AT&T, Vodafone and Verizon Maybe In Play
Cloud Based SipSwitch

Ooma Has Ring of PhoneGnome To Me

When I was first approached about a briefing on Ooma I intentionally held off of doing the briefing, as I wanted thing out in the open. From the initial email I sensed this sounded a lot like client and friend David Beckemeyer's PhoneGnome so I used my wedding in France as a reason to delay going to far with things.

As I read Walt Mossberg's Wall Street Journal story, I sensed it even more. Now that I've read Om's post, I'm happy I waited.

Ooma sounds a lot like PhoneGnome to me, so I wonder what David has to say?

Ken Camp's thoughts are here and worth a read.

And Aswath's is just damning.

Update--Stuart Henshall on Unbound Spiral has a killer post that I agree with totally.

Jon Arnold also weighs in with some solid analysis.

Mark Evans (whom I miss as a telecom blog covering journalist a lot) lends his thoughts too.


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Tech Untangled

Here's my comparison of Ooma vs. Skype Why Skype is Better than Ooma In my mind Skype clearly wins out (but not for everyone)

Brian Blank

Cheap calls or free calls were a great hook 10 years ago, but companies need to figure out what is the value proposition in VoIP or they will suffer the fate of SunRocket. Leaving customers in the lerch without a service they payed for or more improtantly the identy of phone number, is bad "juju" for the VoIP market.

With Ashton Kutcher on board gives the company some news worthiness (maybe in Variety or People), but it still isn't going to switch my Mom or Dad from their POTS service.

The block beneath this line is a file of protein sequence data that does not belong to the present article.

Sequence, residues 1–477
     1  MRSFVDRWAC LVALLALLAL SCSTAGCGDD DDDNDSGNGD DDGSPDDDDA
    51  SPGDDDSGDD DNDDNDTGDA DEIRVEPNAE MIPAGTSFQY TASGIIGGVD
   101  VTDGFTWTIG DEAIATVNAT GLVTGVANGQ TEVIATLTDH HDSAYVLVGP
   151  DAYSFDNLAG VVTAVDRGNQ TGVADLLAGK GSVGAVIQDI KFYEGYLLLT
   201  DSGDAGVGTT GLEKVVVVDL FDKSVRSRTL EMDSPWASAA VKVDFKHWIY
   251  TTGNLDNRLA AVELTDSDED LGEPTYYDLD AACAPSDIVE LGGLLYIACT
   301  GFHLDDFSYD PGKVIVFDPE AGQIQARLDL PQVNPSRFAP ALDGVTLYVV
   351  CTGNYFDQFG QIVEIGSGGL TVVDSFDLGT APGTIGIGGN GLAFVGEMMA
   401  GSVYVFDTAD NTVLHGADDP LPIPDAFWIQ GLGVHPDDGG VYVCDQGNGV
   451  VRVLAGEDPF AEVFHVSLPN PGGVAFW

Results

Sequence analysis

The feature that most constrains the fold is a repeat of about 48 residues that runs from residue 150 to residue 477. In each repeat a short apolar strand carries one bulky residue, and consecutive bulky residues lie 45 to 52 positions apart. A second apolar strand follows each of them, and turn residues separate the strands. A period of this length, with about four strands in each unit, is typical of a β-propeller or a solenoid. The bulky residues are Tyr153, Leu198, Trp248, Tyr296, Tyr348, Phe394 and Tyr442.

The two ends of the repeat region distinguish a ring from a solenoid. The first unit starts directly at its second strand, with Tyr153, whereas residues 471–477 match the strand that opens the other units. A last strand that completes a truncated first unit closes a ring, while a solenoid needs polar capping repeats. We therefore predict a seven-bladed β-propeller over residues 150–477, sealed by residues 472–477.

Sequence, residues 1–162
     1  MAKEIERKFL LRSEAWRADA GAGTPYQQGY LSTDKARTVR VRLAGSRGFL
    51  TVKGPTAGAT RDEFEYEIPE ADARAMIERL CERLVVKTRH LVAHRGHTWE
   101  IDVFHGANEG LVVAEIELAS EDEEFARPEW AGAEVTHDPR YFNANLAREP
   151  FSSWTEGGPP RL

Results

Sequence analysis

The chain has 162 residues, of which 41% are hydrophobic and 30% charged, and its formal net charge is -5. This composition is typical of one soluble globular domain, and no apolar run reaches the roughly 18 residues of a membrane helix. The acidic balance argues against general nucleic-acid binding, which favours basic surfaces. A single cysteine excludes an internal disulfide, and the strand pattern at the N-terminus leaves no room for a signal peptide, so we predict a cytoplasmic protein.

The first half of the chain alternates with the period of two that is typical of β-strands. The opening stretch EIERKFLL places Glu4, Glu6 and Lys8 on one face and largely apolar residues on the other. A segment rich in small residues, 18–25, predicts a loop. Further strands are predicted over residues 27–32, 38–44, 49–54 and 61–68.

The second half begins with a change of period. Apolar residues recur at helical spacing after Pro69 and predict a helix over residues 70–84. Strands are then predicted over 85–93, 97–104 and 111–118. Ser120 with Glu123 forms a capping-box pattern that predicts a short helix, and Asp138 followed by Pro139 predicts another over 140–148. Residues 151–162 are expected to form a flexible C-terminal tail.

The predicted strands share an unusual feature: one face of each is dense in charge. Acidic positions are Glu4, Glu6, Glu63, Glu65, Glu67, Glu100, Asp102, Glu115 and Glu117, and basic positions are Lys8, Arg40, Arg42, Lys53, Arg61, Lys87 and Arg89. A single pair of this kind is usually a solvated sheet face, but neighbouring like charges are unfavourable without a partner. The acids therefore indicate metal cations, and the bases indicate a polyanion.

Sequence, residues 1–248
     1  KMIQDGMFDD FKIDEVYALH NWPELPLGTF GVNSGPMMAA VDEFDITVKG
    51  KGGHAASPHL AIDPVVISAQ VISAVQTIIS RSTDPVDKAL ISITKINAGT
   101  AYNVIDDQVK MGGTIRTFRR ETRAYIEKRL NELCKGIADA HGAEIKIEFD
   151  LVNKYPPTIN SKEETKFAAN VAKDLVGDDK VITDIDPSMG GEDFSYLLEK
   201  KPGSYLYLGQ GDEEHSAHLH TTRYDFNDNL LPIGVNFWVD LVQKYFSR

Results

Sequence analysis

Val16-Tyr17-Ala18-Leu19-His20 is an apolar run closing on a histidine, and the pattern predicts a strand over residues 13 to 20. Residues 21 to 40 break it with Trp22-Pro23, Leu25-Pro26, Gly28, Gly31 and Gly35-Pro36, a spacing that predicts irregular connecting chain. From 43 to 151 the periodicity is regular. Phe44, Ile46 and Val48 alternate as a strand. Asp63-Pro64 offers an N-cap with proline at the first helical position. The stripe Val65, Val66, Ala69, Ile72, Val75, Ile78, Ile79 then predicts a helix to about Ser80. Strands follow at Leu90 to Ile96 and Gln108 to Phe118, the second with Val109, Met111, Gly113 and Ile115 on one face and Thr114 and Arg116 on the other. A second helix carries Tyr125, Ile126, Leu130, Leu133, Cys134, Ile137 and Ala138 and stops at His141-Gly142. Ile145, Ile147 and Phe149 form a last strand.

It's time for the VoIP community to bring more to the table than the cheap calls for life angle and really give us a sustainable value and longevity. If AT&T goes bankrupt, they won't just shut off the copper running to my house. Another company will swoop in and take over the infrastructure in a heartbeat. It's not the tech saavy folks the companies need to woo over, its the average Joe and Jane, your Mom and Pops they need on board to build a successful company.


My thoughts exactly. I fact, it took a little while to figure out how it is different from PhoneGnome. The answer appears to be that the $400 price (roughly, $200 more than PhoneGnome) provides free IP-to-PSTN calls in the US. With PhoneGnome, you would have to subscribe with a VoIP provider. It's kind of the ReplayTV vs Tivo model inthe early days of PVRs.

It may be that the simplicity will make it an easier sale than PhoneGnome. It may be that a lot of people buy in to the idea and then lose out when Ooma pulls a Sunrocket on them.
Either way, the service as it has been described is hardly a telecom revolution.

(Of course, when I first heard of it and saw Ashton Kutcher as the Creative Director, I thought Mossberg might have simply been punk'd.)

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